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the beauty of bugs

You won't find Robin Kittrell Laughlin listed among the great entomologists of the world. And that's too bad, because the great entomologists of the world might enjoy her gentle view of the littlest creatures among us.

Laughlin, a New Mexico photographer, has come up with a charming book called Backyard Bugs (Chronicle Books, $12.95). It's a little bit of everything _ science, nature, garden, whimsy. There are 40 close-up portraits of ordinary things gardeners find in their yards such as pill bugs and ants, as well as exotic-looking dragonflies, tiny orange mites and green-fanged spiders.

With patience _ and a good close-up lens _ Laughlin captured kaleidoscopic colors, fascinating details and amazing facial expressions of these underappreciated creatures. Her work is both fun and informative.

"I've never met a bug I didn't like," said Laughlin, in a telephone interview. "I met some that weren't so photogenic, though. Some were given to me by well-meaning friends. I thanked them very nicely, and, after they were gone, I released the bug."

In fact, all the bugs got a new lease on life after their time before the camera. "I released all of them after photographing them. I did give the Fiery Scorcher to a bug collector since the bug was from Texas and should not have been released in New Mexico anyway. And I did not release the Regal Moth Caterpillar, as it was lent to me by a man who raises them, and they are not native to New Mexico either," she said.

While the photographs are fascinating, the real treat is Laughlin's text. Her simple stories about how she found, photographed and released her subjects are precious. You will learn a little bug history and spider science, but you will learn much more about the unsuspecting side of these creatures. Some highlights:

Swift Long-winged Skimmer Dragonfly. "It was circling a roadside pond in southern New Mexico. This species is found throughout North America and eats small insects. Its body was 1{ inches long. He was friendly and cooperative, always quick with a smile. It took me five minutes to do his portrait. He was not fussy or vain about his hair."

Tomato Hornworm Caterpillar. "He is a member of the Sphinx Moth family. I wanted to keep him and watch his development until he turned into the next thing, but he was a messy houseguest. I turned him loose on my very own plants, in gratitude for his portrait."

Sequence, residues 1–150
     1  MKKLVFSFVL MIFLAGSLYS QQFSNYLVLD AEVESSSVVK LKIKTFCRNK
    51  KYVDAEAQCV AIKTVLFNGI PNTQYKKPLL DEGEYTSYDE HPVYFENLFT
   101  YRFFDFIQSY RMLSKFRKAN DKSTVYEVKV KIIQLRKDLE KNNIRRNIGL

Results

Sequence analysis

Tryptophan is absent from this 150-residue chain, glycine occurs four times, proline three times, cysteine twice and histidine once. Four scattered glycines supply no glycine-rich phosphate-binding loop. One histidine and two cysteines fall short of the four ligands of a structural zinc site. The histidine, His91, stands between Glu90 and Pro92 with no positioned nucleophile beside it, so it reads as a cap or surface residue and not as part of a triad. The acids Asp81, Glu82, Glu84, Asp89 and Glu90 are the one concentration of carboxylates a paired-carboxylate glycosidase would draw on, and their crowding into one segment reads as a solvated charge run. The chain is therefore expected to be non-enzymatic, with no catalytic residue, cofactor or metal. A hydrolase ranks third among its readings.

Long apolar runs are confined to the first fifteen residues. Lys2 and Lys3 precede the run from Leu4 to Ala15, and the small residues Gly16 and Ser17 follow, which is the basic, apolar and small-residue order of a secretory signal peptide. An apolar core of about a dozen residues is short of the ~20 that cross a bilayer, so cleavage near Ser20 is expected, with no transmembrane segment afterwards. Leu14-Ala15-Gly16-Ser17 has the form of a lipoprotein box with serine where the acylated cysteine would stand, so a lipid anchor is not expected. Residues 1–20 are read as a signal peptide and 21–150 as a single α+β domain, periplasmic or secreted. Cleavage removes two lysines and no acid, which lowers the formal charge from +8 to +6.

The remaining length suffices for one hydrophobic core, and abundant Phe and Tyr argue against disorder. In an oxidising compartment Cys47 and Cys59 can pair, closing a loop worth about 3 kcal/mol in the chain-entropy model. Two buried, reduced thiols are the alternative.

Green June Beetles. "They were sent to me from Texas in a box with a single Rice Krispie. I gave them all a quick shower in the kitchen sink, put some peanut oil on their parched wing cover, and fed them fresh peach pieces. They drink pollen and eat fruit, and are partial to peaches."

Regal Moth Caterpillar. "Who cares what the moth looks like. What a caterpillar. I borrowed him from a man who raises them. We met at night in a parking lot _ he showed me this giant, obscenely beautiful caterpillar in the car headlights, holding it casually in his hand. It was five inches long. When I took its portrait, it reminded me of a dragon in a Chinese New Year's parade."

How do you get these things to sit still long enough for a portrait photograph?

Laughlin says she put her captured subjects into the refrigerator (not the freezer) and the chilly experience slowed them down long enough for her to snap her shots.

"The quick chill was the most efficient non-invasive means of getting the bugs to pose, since it was of paramount importance to me to shoot live portraits. How else could their personalities manifest themselves," she said. "Some bugs, like the Praying Mantis, posed all day long, and we had long conversations."

Not everything was willing to cooperate. For instance, the Pale Windscorpion was hard to catch because it ran so fast. She and a friend cornered it, and "the only way we could slow it down enough to take a picture was to blow a whiff of cigarette smoke into the bug jar."

"I tried to avoid wildly glamorous bugs. I liked the way rather ordinary bugs became extraordinary when I took the time to really look, up close," she said.

The book, Laughlin said, seemed like a natural project for someone who loves the New Mexico wild and takes her camera everywhere. "I was trained in photography, less so in writing. But I am an inveterate letter writer and I believe that my book has a familiar, personal tone. I have a designer's eyes, too, so I like to look at beautiful things whether they are Turkish rugs, Italian shoes or American bugs."

Lucky for us that she decided to photograph the bugs instead of the shoes.

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